Personalizing Medicine in Nigeria by Tailoring the Research Process: Points to Consider for Genomic Research
Simisola O. Akintola, Shawneequa L. Callier and Temidayo O. OgundiranAffiliation:
Department of Clinical Research and Leadership / George Washington University School of Medicine and Health Sciences, 2100-W Pennsylvania Avenue, NW – Ste. 5054, Washington, DC 20037, USA.
AbstractThere is an increasing number of genomic research studies occurring in African countries, as well as recently enacted funding mechanisms to build capacity to conduct genomic research in Africa. While there is extensive literature and debate about the various national and international laws and policies related to genomic research in general, most discussions focus on developed and high-income countries. Genomic research, however, is a global endeavor requiring enrollment, data-sharing, and data-storage policies that involve socially, economically, and ethnically diverse populations. On one hand, the translation of genomic medicine into personalized clinical care will fail globally if as many different populations as possible are not adequately represented at the research stage. On the other, future internationally sponsored genomic research projects that could translate into personalized medicine applications will be in jeopardy in communities where genomic researchers neglect to consider local laws, beliefs, and needs. This paper discusses the opportunities and challenges for investigators and research institutions seeking to conduct genomic research in Nigeria. Specifically, we highlight the potential role of Nigerian laws, such as Nigeria’s National Code of Health Research Ethics and the role of local bodies, such as Community Advisory Committees, in promoting genomic research approaches that are appropriate for the local environment. This article thus contributes to a growing body of literature on global bioethics and personalized medicine in resource-limited settings.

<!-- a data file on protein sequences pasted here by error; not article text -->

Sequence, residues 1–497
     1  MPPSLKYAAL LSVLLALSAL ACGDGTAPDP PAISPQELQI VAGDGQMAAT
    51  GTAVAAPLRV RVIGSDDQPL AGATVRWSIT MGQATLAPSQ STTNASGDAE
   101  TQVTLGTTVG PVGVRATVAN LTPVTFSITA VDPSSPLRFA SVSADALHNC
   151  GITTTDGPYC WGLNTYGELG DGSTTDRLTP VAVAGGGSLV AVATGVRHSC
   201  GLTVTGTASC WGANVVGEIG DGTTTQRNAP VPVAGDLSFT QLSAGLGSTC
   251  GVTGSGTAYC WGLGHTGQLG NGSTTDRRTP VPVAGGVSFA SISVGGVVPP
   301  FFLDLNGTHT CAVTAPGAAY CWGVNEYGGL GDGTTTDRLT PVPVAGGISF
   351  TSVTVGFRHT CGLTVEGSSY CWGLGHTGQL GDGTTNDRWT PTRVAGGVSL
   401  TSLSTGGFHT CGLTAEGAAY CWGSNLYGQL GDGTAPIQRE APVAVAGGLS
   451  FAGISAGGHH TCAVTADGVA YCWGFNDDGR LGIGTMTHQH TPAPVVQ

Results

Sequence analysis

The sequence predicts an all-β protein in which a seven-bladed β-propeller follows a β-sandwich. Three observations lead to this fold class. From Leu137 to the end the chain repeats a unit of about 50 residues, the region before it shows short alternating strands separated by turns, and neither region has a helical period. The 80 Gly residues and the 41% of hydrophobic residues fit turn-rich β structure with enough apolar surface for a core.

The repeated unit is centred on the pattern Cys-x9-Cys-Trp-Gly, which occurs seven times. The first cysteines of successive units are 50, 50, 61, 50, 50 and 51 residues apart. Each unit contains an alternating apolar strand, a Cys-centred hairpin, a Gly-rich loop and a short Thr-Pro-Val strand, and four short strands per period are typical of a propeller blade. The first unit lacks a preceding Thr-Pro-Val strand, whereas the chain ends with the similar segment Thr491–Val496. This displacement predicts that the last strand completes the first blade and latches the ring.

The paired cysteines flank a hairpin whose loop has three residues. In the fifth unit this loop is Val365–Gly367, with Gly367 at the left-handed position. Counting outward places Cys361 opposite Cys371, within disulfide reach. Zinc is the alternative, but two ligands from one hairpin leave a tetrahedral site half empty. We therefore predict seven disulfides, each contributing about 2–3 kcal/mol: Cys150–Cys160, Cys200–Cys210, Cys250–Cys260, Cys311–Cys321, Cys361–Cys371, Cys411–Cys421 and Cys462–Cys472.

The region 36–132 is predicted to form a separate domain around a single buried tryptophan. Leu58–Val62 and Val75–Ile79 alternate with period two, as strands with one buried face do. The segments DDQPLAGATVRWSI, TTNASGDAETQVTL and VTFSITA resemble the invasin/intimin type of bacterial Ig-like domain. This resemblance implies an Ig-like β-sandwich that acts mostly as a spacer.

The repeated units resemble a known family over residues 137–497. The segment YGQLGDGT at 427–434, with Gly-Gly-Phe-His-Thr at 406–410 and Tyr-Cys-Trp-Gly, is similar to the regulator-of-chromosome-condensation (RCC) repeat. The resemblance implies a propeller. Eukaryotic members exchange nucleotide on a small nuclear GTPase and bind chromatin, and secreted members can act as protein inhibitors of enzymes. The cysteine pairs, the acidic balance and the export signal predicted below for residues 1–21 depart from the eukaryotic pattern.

Africa, ethics, genomic research, international, Nigeria, personalized medicine.
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